The first reading of a bill that will implement the NHS’s long-term strategy in England to establish an independent body last week to examine serious healthcare incidents took place in the House of Lords.
It will give lawful powers to the Healthcare Safety Investigation Branch, an authority which has been operational since April 2017 and is sponsored through the Department of Health and Social Care and hosted by NHS England and NHS Improvement. Should the Bill obtain Royal Assent next year, it is suggested that the organization will operate in “shadow form” for throughout a year and then go fully active in Autumn 2021. It’ll be known as the Health Service Safety Investigations Body (HSSIB).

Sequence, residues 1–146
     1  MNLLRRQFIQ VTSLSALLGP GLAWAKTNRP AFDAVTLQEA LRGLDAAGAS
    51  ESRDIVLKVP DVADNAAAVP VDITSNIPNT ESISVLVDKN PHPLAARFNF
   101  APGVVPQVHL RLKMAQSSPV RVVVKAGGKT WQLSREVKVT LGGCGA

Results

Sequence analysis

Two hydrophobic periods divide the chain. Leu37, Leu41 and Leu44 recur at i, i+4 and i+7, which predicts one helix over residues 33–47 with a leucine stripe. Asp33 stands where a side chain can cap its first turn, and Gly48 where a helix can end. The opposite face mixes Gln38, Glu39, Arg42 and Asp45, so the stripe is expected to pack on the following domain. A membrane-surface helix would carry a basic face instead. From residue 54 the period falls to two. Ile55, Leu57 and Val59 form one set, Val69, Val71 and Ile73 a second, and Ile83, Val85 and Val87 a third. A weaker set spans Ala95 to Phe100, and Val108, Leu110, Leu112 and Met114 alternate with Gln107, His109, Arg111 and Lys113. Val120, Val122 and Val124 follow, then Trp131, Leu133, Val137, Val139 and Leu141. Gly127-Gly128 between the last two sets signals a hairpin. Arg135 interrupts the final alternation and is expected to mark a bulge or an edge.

The HSSIB will investigate dangerous incidents in healthcare. It will value independence, transparency, objectivity, expertise, and learning for the development and aim to build a safe reservation so NHS staff can raise concerns and speak out without fear of retaliation so patient safety can be improved. It is known that culture in some parts of the NHS can deter staff from talking out, which can have a negative effect on both those who are brave enough to do so and patient security.
The idea is that HSSIB will not attribute blame or accountability against any individual; it will reflect the successful application of similar schemes in the air and marine industries. HSSIB will attempt to improve the superiority and effectiveness of local investigations by emerging standards and to provide advice, guidance, and working to organizations.